Language and Replication

Roulland Daniel
Language of the article : French
DOI: 10.3406/intel.2017.1859
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This article aims to show that grammatical pairs such as this that have deep systemic roots in language (Douay & Roulland, 2014). As a system, language self-replicates through a dynamic distinction process between two positions and the unity of their relation. Oppositions are expressions of that distinction process which determines the two basic interlocutive roles of addresser and addressee, with the sign in-between as the concrete and dynamic relational third. This general process is illustrated at the end of the article with the micro-system of still, yet and already. But beforehand it is necessary to reassess the Saussurian distinction between substance and form, the theory of autopoiesis and languaging, and the enaction theoretical model. This shows that the difficult problem of linguistic interaction rests on the dividing line between the internal structure of the observed unity and its external behavior. If the system itself, instead of some external entity, is defined as its own observer, then systemic oppositional pairs may be defined as a self-distinction of the system. In that case the relational third is the system itself, that is the linguistic sign and language as a whole. This type of solution addresses the question of interaction, which raises a number of issues in the autopoietic framework.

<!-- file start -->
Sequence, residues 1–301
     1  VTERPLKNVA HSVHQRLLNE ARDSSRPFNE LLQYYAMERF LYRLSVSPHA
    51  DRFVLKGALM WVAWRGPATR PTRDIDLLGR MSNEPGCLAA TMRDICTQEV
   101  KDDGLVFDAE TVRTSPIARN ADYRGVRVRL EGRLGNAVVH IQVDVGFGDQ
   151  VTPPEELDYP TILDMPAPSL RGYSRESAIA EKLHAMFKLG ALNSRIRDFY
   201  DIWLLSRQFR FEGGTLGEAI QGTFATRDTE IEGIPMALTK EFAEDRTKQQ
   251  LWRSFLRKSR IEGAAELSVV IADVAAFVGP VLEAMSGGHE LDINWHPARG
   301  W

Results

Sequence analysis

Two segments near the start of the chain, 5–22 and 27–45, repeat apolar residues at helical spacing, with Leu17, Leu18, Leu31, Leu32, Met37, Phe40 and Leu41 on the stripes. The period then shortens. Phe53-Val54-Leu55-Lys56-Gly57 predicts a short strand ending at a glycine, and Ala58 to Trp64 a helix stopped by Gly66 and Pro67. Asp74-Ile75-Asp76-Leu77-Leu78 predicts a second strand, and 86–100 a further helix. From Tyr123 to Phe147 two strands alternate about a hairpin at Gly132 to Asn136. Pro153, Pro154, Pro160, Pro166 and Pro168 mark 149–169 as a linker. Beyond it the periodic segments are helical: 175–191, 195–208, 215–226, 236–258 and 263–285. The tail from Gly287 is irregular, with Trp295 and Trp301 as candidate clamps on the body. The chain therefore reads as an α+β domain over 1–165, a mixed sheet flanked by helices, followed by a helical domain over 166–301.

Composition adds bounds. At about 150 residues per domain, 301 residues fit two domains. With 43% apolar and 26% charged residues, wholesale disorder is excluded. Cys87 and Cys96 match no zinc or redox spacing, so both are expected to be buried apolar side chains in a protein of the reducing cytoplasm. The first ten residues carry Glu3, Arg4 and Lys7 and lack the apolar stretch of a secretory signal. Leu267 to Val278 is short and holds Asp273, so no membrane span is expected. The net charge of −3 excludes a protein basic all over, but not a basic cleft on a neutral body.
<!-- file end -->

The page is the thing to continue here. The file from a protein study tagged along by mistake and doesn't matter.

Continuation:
Pour citer cet article :

Roulland Daniel (2017/2). Language and Replication. In Bottineau Didier & Grégoire Michael (Eds), Language and enaction: embodiment, environment, experience, learning, Intellectica, 68, (pp.69-98), DOI: 10.3406/intel.2017.1859.